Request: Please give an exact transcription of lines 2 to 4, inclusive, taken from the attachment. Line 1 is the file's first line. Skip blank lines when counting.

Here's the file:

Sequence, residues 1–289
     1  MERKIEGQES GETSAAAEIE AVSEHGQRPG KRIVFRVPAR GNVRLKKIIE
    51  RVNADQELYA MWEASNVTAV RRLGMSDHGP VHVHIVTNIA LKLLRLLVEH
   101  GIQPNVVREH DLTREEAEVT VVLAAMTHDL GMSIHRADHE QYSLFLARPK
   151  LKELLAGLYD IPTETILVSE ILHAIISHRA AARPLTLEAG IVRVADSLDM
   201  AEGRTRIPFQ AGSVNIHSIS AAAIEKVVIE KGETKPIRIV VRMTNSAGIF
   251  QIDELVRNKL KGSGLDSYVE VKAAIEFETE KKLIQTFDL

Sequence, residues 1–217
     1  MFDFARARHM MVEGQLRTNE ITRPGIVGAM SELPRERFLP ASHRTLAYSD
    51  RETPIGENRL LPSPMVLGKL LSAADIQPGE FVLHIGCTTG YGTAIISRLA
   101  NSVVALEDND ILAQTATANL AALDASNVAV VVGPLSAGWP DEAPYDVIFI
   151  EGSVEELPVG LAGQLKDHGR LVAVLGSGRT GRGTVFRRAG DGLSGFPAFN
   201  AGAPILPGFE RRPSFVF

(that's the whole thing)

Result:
     1  MERKIEGQES GETSAAAEIE AVSEHGQRPG KRIVFRVPAR GNVRLKKIIE
    51  RVNADQELYA MWEASNVTAV RRLGMSDHGP VHVHIVTNIA LKLLRLLVEH
   101  GIQPNVVREH DLTREEAEVT VVLAAMTHDL GMSIHRADHE QYSLFLARPK